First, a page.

After illness, surgery, or another difficult cause, you might find your kitty is below her ideal weight. Getting her back up to a healthy, lean weight is very important for her overall well-being and for the proper functioning of her organs. In order to help your cat gain weight, you need to come up with the right process of feeding routines and diet. It can be done properly with the help of your trusted veterinarian.
Understanding the Reasons Why Your Cat is Underweight
When vets talk about the weight of a cat, it is usually focused on obesity. While obesity is considered as a prominent feline health problem, many cats are also facing the dangers of being underweight. Just like weight loss, gaining weight can also be a very tricky issue for your cat since it is not just about changing her diet.
First, you will need to know the reason why your feline friend is losing weight. After that, you can be able to determine an action that includes processes like diet and medication with the help of your vet to help your cat gain a normal weight safely. These are the most common causes of weight loss:
- Kidney disease
- Intestinal parasites
- Gastrointestinal disease
- Dental disease
- Chronic pain
- Lung disease
Identifying Your Cat’s Ideal Weight
Knowing the ideal weight for your kitty is the major goal before you start a weight-can diet program since it can be easy to get her over-fed and for her to become overweight that results in a wide range of health problems. Make sure to speak to your veterinarian about what should be the ideal weight for her and what time frame works well for her to gain weight.
What to Feed Your Cat to Help Her Gain Weight
If the medical problem of your cat is under control (e.g. painful teeth are pulled, parasites are treated), correcting the calorie deficit might be the only important treatment in this situation. Here is what your vet will say about your cat’s diet for gaining weight.
Find a Food that Fits the Preferences and Needs of Your Cat
The most important step during this process is to find a certain type of food that your cat will really enjoy but doesn’t cause her an upset stomach. You want a cat food that fits her dietary requirements but also highly palatable so that she will be encouraged to eat it.
It is not usual for cats to have strong preferences for a specific type (dry/canned), texture, or flavor of food. So, navigating the preferences and needs of your cat is considered as the first as well as the most important step you should take in order to encourage your cat to eat.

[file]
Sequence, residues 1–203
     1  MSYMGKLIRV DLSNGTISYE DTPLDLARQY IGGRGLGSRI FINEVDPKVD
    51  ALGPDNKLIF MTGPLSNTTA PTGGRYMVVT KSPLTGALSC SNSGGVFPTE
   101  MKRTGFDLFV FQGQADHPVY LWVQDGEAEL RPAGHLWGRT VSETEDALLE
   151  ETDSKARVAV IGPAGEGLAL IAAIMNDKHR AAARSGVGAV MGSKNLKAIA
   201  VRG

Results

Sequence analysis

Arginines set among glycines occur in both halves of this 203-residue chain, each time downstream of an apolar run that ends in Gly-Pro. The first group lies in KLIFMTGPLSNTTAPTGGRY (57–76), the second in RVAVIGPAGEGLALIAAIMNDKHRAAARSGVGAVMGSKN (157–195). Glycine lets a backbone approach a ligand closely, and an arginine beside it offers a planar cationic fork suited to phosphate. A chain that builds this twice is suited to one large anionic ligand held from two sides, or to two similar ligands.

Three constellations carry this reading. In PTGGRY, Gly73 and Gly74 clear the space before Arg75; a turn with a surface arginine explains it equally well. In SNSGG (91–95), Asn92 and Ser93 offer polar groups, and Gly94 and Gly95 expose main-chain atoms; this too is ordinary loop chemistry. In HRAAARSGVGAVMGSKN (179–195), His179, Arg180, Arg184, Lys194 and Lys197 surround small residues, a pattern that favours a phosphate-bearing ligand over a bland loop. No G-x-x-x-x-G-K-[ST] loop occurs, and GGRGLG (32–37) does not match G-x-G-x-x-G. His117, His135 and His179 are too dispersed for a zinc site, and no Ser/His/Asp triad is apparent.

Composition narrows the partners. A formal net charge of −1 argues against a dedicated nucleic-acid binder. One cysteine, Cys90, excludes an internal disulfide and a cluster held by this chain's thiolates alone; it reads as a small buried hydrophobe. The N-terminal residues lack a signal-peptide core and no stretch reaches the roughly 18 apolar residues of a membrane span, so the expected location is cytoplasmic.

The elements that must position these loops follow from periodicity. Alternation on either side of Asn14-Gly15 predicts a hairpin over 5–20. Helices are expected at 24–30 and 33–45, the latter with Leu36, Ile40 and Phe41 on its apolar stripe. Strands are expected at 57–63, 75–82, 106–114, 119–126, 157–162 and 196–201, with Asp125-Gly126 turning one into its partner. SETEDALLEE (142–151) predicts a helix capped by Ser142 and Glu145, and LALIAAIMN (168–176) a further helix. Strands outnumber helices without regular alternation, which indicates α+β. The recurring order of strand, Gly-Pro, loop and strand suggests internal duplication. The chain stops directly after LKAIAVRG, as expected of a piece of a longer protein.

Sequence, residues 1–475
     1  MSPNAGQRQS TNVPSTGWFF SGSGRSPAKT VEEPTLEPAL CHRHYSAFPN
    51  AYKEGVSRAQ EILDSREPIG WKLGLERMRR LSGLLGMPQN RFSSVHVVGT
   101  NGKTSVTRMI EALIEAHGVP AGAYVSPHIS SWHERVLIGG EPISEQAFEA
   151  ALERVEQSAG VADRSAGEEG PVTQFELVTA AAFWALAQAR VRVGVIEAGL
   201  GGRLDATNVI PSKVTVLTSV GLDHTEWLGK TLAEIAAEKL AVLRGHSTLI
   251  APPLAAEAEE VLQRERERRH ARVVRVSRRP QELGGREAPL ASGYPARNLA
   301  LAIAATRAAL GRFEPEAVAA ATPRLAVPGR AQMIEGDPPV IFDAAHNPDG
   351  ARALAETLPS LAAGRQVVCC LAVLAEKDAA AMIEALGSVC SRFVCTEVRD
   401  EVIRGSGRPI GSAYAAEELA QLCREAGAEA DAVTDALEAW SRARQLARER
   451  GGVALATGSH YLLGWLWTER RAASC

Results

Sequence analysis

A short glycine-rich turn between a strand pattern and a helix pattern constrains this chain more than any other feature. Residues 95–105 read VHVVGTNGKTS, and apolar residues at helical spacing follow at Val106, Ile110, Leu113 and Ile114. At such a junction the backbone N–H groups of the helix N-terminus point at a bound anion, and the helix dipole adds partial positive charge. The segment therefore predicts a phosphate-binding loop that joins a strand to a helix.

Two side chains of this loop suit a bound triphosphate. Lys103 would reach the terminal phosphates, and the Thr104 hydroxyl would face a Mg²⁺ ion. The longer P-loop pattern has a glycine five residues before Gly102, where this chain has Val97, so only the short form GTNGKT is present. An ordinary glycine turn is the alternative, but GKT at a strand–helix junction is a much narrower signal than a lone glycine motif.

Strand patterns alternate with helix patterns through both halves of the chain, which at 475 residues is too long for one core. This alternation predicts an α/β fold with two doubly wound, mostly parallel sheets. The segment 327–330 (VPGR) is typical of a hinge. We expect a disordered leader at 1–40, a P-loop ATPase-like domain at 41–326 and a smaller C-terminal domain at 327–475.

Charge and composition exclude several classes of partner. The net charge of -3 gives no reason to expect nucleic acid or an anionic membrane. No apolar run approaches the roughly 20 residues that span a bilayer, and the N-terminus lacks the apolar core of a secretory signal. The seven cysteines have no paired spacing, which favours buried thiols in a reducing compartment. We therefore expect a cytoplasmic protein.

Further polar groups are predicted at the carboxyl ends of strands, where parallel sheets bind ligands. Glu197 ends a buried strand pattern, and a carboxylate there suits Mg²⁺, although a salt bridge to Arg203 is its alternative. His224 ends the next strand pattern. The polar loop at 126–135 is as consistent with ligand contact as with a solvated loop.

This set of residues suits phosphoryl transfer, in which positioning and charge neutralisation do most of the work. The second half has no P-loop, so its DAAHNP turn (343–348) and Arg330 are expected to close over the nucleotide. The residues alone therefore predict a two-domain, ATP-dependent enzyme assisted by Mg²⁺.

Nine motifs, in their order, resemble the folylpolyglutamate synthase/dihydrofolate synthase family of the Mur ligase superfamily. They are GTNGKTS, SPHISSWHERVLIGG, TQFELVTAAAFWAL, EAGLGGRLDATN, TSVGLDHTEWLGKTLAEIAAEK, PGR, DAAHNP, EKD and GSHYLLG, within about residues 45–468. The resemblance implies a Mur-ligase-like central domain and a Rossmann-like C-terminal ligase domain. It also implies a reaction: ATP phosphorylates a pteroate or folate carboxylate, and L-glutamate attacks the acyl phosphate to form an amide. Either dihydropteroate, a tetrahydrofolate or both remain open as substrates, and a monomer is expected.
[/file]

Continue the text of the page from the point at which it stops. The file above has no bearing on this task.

Make Sure the Food You Choose Fits Your Cat’s Nutritional Needs
Cats are naturally obligate carnivores. It means your cat needs to get the right nutrients for her overall health from animal sources. A cat’s natural prey (dry matter basis), like small rodents, are actually estimated to contain about 45% fat, 55% protein, and 1 to 2% carbohydrate.
Even though the prey’s macronutrient breakdown is only 1 to 2% carbohydrate, most kitties can utilize up to 40 to 45% of their diet in forms of carbohydrates as a source of energy. Generally, dry food contains more amount of carbohydrates compared to wet food.
Weight Gain Food Options for Cats
Good quality food for young cats is considered as a great choice to feed underweight adult cats. Fortunately, most adult cats like to eat kitten food. You can give your cat a calorie- and nutrient-dense kitten food as it is highly palatable to adult cats. Aside from that, your vet can also be able to prescribe cat foods with high calories to support your cat’s weight-gain journey. You can also ask your vet about cat foods with formulations that are highly digestible as well as provide extra calories.
What to feed a senior cat to gain weight
It’s really difficult to take care of a senior underweight cat. They are often picky eaters and tend to exhibit more demanding behavior towards people than dogs and other pets do. This is especially true if your cat gets even older. Knowing what you should feed your senior cat in order to gain weight could be difficult for fur parents.
What you should do as a cat parent is to remember that attempting to get your senior cat to gain more weight is to put to more flexibility and patience. Take note that a particular strategy that works well for one cat might not work for another. Having said that, you’ll have to learn more about your cat’s individual needs as well as pay more attention to the body language he’s showing you, like how they show displeasure or pleasure when you’re encouraging him to eat.